Photo: Bloomberg

Photo: Bloomberg

ITC expects food business growth to slow in FY13

ITC expects food business growth to slow in FY13

Mumbai: Diversified ITC Ltd , expects growth in its food business to slow in the coming fiscal year, as continued inflation in key raw materials and sluggish consumer buying are expected to hurt volumes, a top official said.

The Kolkata-based company, estimates its food business to grow 12-13% in the next financial year that begins 1 April, from 14-15% expected this year, Chitranjan Dar, chief executive, foods, told Reuters in a telephonic interview on Wednesday.

Photo: Bloomberg

“Growth for us will be driven by biscuits and the snacks segment. But the pace of growth may not be what it has been in the past couple of years," Dar said.

ITC sells popular brands such as Sunfeast biscuits, Bingo range of snacks, Aashirvaad branded staples and confectionaries such as candies under the brands Mint-o-Fresh and Candyman.

The company is the largest cigarette maker in India. It also makes consumer products and runs hotels.

A recent government move to have some consumer products in standard package sizes, from 1 July, if implemented, is also expected to hurt volumes.

Companies now sell products at popular price points and the grammage is altered by companies, as an alternate to a price increase, to protect margins.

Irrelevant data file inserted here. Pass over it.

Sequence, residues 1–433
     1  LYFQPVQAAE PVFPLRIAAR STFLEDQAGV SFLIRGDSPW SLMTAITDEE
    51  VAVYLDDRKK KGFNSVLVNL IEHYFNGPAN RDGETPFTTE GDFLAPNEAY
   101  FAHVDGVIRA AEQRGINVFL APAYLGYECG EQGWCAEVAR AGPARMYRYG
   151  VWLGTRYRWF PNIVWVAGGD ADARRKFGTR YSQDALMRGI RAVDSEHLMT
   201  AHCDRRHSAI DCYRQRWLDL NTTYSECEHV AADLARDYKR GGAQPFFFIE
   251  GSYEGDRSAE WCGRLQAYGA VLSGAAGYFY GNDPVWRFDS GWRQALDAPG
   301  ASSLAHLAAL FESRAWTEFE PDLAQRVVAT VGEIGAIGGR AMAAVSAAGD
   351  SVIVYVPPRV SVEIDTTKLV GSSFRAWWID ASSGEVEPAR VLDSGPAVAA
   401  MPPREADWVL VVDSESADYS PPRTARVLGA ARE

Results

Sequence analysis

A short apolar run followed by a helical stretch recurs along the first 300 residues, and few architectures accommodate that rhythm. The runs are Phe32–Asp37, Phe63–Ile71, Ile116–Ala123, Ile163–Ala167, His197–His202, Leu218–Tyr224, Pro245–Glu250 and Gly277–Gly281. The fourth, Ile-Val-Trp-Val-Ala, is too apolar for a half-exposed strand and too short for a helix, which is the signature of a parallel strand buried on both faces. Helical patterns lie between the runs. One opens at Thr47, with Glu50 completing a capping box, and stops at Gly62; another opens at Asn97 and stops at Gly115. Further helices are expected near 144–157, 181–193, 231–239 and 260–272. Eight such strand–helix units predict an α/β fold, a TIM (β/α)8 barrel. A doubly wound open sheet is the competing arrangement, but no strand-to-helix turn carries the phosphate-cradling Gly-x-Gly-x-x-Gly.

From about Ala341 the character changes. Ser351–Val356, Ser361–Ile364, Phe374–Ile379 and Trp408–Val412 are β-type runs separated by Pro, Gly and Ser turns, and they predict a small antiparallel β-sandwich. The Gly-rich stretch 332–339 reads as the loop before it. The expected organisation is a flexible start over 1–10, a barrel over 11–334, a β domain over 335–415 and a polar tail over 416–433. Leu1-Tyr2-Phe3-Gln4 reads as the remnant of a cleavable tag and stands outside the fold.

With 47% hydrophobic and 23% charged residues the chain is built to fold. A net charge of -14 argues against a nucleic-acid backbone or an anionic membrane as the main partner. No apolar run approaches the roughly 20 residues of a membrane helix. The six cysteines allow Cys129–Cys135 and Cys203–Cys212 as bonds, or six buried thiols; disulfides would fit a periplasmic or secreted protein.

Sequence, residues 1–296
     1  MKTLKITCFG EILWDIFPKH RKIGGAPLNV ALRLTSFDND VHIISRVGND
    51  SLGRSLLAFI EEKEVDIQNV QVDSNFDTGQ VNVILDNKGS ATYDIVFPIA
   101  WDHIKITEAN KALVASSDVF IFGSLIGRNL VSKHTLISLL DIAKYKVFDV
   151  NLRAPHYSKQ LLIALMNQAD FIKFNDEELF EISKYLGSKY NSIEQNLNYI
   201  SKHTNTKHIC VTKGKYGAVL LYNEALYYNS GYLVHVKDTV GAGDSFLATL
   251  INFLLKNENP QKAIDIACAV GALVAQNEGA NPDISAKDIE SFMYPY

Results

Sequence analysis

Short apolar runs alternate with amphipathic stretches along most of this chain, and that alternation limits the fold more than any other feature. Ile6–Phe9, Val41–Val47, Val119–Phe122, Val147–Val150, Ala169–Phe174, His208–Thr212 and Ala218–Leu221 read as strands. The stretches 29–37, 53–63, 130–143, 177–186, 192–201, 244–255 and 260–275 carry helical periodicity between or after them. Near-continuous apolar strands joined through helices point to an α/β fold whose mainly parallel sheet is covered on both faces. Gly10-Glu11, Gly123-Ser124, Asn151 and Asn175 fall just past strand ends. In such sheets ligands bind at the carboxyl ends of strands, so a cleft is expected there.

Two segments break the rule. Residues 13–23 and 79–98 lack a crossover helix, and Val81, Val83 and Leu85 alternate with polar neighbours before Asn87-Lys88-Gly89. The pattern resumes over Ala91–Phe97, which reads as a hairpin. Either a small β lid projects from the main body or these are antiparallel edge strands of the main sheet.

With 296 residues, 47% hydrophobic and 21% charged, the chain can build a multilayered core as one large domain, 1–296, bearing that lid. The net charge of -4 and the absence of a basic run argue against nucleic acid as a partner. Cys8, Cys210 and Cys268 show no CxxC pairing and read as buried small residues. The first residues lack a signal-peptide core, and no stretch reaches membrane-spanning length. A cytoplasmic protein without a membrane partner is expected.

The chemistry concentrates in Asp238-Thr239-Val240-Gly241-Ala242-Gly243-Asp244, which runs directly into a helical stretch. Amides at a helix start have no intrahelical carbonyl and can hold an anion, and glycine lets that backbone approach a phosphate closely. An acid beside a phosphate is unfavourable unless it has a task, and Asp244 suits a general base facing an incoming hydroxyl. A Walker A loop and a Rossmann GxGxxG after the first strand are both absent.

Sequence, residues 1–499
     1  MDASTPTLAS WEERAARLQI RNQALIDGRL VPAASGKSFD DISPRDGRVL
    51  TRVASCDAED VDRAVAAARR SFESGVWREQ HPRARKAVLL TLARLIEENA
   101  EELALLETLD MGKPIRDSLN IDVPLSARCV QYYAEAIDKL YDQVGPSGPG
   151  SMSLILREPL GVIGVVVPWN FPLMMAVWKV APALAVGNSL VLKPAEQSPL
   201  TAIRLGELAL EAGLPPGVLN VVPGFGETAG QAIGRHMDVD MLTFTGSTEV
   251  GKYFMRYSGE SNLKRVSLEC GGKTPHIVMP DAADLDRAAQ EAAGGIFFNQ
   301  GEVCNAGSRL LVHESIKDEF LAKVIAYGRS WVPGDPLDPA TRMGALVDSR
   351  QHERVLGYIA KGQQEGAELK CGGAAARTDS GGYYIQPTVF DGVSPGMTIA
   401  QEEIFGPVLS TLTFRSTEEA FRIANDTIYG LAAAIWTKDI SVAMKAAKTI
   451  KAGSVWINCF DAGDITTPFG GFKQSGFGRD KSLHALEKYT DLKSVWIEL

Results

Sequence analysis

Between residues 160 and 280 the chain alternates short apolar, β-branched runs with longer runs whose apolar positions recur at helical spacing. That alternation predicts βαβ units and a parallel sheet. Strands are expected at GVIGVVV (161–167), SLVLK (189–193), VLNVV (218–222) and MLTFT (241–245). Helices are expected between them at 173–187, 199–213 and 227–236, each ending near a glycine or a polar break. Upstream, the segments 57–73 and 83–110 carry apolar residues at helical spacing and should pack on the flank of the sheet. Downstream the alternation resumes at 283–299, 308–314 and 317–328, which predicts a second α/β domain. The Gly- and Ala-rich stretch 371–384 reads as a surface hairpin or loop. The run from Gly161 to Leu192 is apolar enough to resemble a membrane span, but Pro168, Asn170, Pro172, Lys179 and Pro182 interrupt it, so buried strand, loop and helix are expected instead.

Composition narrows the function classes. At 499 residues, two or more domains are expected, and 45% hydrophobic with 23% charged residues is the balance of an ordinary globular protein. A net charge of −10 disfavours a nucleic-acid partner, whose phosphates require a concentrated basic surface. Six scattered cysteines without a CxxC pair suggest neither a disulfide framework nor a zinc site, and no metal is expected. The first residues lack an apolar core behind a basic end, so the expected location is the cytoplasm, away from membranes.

“A lot of categories we anticipate will have a problem in gaining volumes as people are familiar with the price points and make purchases depending on that... the category which will be most impacted will be biscuits," Dar said.

Price Rise Across Categories

ITC, with a market cap of $29.9 billion, plans to take gradual price hikes in the coming fiscal year, Dar said.

“It will have to be a gradual kind of price increase. It may or may not be more than this and that will depend on the dollar-rupee parity. But at the moment, this is how much we plan to take," Dar said.

India’s food price index declined for the first time in nearly six years In late December as costs of pulses and vegetables fell.

However, prices of key inputs such as edible oil, continue to remain due to higher global prices, while prices for cereals are seen rising by 7-8% during the course of the year due to a higher minimum support price (MSP), Dar said.

MSP is the minimum price of procurement mandated by the government to protect interests of farmers.

Wheat, sugar, edible oil, potatoes -- the key raw materials, make up nearly 60% of the cost of the business, which operates under ready-to-eat, staples, confectionary and snacks.

Analysts, who track the company, have expressed concern about the margins in the food business being below 5%, which is below the industry standards of 5-10%.

In the food category, the company competes with the likes of long established players such as India’s largest consumer goods maker Hindustan Unilever, Nestle India Ltd, Britannia Industries and the Parle Group.

“We are working on improving margins. We most certainly have plans of taking it up to match industry standards," Dar said.

Improving efficiencies in supply chain, growing market share and raising prices will be part of the company’s strategy, Dar said.

ITC, which currently runs 40 factories across India, also plans to put up 7-8 factories in FY13 at an investment of around one billion rupees.

“The idea is to reduce cost and the factories will come up at locations where we find a demand-supply mismatch," Dar said.

“Many of them are third party operations and so the remaining investment will come from third party investors," he said.

Shares of the company have risen 15% in 2011, outpacing the FMCG index which has risen 9.5%.

The stock closed down 0.9% at Rs203.30 in a choppy Mumbai market.